Prescribers and users of closantel-containing products are reminded to ensure accuracy of dosing in order to avoid residue violations in treated animals

Notice type: Advisory

Date: 04/04/2024

The HPRA monitors reports of adverse events to veterinary medicinal products as part of our role in the post-authorisation safety monitoring of veterinary medicinal products in Ireland. The HPRA has become aware of a limited number of reports where residues of closantel above the Maximum Residue Limit (MRL) have been detected post slaughter from treated livestock, which could indicate that the dose of product administered is higher than that which has been approved, resulting in the stated withdrawal period being insufficient. 

Product name or type:
Closantel-containing veterinary medicines indicated for sheep and cattle, whether as a single active substance or present in combination with other active substances.

Active Substance:

Product Classification:

Anthelmintics (flukicide wormers)

Manufacturer Or Supplier:


Authorisation Holder:


Prescription Required:

Target Audience:

Veterinary practitioners, Veterinary nurses, Licensed retailers, farmers

Problem Or Issue:
To ensure the safety of consumers of food and food products derived from animals treated with veterinary medicines containing closantel, the European Commission has set maximum residue limits (MRLs) for closantel in the edible tissues of animals. In order for closantel-derived residues to deplete below the MRLs, a sufficient time (withdrawal period) between treatment and slaughter must be observed and which takes into account the dose rate and route of administration approved for the concerned products. Closantel has slow and limited metabolism and it takes a relatively long time for it to be eliminated from tissues. Unless care is taken to accurately assess the bodyweight of animals to be treated, they can be over-dosed, leading to residues in excess of the MRL being present at time of slaughter. 

The risk of overdosing increases when the bodyweight of animals to be treated is not accurately assessed, or when animals are grouped for dosing but the range of individual bodyweights within the group differs significantly, resulting in lighter-weight animals receiving a higher than recommended dose. The risk is further increased where users dose to a standard bodyweight, irrespective of whether there are mixed weights of animals in the group. 

Background Information Or Related Documents:

In 2019, following a referral procedure, the European Medicines Agency increased the withdrawal period for meat and offal in sheep following treatment with injectable veterinary medicinal products which contain closantel as a single active substance. In that case, the withdrawal periods of the products concerned were increased to 107 days. This procedure did not apply to non-injectable closantel containing medicines, nor to those medicines containing closantel in combination with another substance. Withdrawal periods are set by the HPRA on the basis of residue depletion studies submitted with applications for marketing authorisations and are usually specific to each formulation and product. There are 12 veterinary medicines containing closantel currently authorised in Ireland. Based on the available evidence from adverse event reports concerning residue violations and the follow-up investigations conducted by marketing authorisation holders (MAH) of concerned products, the currently approved withdrawal periods are, at present, considered to remain appropriate provided that the concerned medicines are used correctly i.e. dosed in accordance with the dose rate approved in the Summary of Product Characteristics (SPC). However, the HPRA in cooperation with MAHs will continue to closely monitor for reports of residue violations.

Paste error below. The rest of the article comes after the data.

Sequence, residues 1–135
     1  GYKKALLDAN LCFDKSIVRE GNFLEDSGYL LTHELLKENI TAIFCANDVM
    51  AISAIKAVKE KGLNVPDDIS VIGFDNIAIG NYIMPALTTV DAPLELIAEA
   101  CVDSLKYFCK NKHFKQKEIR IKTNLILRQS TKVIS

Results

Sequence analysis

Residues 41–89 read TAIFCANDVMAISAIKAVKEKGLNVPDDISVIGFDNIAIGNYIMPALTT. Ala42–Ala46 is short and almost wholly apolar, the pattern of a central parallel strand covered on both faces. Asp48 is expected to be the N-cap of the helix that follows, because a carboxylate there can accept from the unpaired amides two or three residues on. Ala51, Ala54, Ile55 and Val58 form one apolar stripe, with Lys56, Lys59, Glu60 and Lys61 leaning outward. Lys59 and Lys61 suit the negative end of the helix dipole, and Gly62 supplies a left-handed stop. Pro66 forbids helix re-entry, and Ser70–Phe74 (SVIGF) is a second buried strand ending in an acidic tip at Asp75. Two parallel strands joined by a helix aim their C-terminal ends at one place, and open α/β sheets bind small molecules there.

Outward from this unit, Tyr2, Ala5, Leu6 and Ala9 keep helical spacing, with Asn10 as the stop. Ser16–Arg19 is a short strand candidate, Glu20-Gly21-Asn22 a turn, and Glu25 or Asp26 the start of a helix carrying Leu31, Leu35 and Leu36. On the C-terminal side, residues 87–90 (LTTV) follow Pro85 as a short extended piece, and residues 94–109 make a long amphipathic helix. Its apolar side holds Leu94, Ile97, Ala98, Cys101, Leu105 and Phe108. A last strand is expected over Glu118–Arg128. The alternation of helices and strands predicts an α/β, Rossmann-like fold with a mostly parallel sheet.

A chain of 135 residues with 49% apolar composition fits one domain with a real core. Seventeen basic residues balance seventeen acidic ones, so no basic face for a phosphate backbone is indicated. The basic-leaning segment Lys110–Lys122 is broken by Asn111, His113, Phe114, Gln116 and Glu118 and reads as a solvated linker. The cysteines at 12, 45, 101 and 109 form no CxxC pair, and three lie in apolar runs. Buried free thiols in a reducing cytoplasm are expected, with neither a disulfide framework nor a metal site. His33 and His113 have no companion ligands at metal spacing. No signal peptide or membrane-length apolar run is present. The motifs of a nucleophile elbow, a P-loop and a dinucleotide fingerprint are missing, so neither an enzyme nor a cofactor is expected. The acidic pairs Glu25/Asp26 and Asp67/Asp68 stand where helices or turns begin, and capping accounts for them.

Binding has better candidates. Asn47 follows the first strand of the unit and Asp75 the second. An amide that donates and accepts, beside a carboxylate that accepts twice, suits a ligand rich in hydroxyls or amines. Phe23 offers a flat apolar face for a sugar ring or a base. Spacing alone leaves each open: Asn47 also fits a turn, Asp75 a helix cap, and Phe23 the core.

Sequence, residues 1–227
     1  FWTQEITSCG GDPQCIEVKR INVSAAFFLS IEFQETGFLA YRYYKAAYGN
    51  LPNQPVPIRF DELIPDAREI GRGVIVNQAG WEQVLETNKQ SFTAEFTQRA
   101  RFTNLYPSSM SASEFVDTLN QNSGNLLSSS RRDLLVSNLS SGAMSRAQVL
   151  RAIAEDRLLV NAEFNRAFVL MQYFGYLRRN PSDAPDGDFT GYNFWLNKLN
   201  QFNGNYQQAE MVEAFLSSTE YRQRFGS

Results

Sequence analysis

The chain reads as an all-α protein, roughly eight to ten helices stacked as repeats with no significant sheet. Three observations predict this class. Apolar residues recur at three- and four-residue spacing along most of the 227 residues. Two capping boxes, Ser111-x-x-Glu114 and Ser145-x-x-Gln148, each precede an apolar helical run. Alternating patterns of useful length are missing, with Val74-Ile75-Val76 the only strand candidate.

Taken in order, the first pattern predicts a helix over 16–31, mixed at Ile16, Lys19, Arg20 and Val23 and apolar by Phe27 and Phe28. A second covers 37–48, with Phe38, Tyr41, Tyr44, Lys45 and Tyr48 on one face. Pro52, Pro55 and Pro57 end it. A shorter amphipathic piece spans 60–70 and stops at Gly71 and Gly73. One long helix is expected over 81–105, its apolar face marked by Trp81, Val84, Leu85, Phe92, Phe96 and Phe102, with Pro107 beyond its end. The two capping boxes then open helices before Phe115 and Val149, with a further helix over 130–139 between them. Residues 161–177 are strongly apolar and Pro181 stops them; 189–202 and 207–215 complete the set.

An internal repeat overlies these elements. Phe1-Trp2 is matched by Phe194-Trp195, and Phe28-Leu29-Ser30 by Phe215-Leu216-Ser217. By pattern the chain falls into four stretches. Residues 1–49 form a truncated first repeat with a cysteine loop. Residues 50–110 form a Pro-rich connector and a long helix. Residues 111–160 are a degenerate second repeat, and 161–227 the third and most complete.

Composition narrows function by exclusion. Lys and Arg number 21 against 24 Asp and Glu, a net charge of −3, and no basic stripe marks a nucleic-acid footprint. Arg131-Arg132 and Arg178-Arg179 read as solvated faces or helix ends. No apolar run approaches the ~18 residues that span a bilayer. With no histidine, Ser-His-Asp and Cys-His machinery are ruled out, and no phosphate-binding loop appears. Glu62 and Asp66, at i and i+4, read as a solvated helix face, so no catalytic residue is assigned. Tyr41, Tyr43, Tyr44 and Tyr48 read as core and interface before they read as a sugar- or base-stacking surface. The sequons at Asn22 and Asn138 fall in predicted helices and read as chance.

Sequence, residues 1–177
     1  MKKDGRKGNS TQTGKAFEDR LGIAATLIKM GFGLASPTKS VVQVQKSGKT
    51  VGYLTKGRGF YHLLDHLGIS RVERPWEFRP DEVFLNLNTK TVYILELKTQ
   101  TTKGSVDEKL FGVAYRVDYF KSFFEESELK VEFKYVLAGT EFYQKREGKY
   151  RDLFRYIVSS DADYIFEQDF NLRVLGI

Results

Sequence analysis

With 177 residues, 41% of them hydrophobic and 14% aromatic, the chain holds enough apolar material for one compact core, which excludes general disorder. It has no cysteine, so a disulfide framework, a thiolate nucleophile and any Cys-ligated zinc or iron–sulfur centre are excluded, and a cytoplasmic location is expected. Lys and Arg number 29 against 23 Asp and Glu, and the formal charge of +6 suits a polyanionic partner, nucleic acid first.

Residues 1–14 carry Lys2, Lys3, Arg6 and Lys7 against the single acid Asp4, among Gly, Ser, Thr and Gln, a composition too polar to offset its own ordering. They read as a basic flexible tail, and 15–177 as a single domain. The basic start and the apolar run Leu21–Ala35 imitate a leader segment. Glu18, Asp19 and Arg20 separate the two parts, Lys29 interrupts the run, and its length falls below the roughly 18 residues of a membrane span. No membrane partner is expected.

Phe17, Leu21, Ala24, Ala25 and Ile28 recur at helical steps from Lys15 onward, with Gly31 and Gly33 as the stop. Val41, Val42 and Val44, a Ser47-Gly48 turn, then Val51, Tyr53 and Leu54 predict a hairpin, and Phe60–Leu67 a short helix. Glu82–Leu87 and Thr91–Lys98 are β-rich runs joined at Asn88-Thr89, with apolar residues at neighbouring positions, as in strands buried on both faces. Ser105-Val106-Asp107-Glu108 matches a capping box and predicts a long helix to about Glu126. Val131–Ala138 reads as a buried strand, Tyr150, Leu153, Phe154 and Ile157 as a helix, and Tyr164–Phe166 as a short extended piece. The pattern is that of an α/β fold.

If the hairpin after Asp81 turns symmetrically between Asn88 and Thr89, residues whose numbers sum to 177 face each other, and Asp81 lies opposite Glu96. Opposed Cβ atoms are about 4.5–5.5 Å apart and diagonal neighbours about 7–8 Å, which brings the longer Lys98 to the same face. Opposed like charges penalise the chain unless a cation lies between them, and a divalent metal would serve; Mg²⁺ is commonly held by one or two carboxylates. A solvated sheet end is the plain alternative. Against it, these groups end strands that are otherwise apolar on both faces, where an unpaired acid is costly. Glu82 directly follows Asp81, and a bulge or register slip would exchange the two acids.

Actions To Be Taken:

To ensure administration of the correct dose, bodyweight should be determined as accurately as possible before dosing.

Accuracy of any dosing device should be checked.

If animals are to be treated collectively rather than individually, they should be grouped according to their bodyweight and dosed accordingly in order to avoid over-dosing.

Do not exceed the recommended dose.

Respect the withdrawal period of the product to be administered as this will differ between products.

Always read the label and package leaflet before use.

For advice on the use of veterinary medicines and on parasite control in general, consult your veterinary practitioner.


All suspected adverse events, including reports of residue violations should be reported immediately, preferably to the marketing authorisation holder, or alternatively to the HPRA.

Further Information:

All antiparasitic veterinary medicines for food-producing animals were upregulated to supply under veterinary prescription in 2021.

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